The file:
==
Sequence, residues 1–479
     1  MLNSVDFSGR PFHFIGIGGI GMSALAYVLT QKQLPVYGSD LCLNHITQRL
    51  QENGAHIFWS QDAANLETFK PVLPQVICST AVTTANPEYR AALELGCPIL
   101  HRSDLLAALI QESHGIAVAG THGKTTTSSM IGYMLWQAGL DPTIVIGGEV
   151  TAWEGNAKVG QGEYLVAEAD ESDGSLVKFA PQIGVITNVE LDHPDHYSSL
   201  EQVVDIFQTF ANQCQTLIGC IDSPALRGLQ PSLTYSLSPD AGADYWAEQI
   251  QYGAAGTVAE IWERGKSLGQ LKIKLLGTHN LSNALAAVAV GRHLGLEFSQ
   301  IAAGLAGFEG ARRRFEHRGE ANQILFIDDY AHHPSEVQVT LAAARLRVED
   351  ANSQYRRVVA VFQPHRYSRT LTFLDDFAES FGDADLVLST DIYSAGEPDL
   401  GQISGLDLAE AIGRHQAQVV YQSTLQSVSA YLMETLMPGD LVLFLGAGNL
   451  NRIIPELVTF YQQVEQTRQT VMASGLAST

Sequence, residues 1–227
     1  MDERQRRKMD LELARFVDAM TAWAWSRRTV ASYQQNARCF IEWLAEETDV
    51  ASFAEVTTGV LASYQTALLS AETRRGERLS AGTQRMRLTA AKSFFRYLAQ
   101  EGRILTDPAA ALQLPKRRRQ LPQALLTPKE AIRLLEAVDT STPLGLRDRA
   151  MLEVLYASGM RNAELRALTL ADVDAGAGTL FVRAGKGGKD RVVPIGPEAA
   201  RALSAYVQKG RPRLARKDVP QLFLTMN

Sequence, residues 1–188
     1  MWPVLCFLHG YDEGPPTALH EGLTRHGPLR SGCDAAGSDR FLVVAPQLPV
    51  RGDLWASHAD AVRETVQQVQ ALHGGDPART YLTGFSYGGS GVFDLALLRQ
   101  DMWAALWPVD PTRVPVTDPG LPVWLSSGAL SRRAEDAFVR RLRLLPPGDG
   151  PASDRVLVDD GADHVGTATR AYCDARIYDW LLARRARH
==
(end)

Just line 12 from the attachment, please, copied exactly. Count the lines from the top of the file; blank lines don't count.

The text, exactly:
Sequence, residues 1–227